Queasy commute

Do I have an eating disorder? It would not be the first time in my life.

Mealtimes were tense when I was a kid. My parents had lived through a war and could not tolerate waste. ‘Anything you leave will be wrapped up and sent to children in India,’ my mum would say.

So I left everything – not out of generosity to Indian kids, my dad usually finished up my leftovers anyway – but because the whole eating thing made me feel physically sick.

‘Let him starve,’ said our kindly GP. And I nearly did. In desperation, my mum would lace my mashed potato with food colouring (who in their right mind would eat blue mash?) and secretly stir eggs into hot beverages. Yuck. Food was not for me.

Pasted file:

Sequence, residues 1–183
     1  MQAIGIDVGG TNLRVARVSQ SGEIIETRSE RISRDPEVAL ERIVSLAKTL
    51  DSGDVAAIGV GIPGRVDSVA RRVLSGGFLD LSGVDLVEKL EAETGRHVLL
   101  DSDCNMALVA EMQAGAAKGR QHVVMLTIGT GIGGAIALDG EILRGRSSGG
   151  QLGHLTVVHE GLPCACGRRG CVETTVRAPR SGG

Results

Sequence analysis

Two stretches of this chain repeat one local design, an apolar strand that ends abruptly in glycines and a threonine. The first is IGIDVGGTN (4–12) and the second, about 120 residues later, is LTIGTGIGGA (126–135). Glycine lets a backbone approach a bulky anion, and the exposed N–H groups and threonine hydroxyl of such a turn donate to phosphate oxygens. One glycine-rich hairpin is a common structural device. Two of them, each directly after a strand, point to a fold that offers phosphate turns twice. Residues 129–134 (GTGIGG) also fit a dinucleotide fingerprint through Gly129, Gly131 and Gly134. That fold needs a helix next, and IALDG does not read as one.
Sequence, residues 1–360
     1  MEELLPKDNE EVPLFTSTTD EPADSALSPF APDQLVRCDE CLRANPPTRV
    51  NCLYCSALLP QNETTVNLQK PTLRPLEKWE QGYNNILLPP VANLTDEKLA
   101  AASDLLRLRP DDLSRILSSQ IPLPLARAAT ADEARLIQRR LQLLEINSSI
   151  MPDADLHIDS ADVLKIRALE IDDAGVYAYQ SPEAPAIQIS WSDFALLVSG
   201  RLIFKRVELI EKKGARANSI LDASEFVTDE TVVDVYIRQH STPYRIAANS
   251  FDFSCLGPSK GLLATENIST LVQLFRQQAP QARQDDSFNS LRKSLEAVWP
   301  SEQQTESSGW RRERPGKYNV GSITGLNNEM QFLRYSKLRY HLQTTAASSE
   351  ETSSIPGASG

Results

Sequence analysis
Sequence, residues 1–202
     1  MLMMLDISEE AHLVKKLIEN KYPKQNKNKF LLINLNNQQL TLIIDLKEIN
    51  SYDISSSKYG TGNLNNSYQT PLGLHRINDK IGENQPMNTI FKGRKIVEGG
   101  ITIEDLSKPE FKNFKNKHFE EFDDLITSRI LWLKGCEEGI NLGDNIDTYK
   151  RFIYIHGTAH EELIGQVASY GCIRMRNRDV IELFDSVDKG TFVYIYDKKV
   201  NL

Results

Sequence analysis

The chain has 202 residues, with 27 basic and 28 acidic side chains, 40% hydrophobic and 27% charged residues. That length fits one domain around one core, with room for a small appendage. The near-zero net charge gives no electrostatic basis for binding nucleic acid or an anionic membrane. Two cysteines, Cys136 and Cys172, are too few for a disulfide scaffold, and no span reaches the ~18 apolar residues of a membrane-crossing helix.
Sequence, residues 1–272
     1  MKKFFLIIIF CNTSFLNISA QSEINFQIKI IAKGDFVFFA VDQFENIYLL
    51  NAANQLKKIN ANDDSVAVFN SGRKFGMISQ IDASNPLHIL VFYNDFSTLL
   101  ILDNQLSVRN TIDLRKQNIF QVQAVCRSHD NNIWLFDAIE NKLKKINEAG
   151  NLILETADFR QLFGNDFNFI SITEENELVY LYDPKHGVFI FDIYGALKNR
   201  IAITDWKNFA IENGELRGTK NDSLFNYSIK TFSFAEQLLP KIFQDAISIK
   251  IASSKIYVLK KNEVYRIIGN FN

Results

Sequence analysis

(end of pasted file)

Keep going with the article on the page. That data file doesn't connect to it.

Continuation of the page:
Around my 21st birthday, I began making up for lost time. But even now, I cannot eat breakfast in someone else’s home, and just the thought of warmed-up leftovers makes me queasy.


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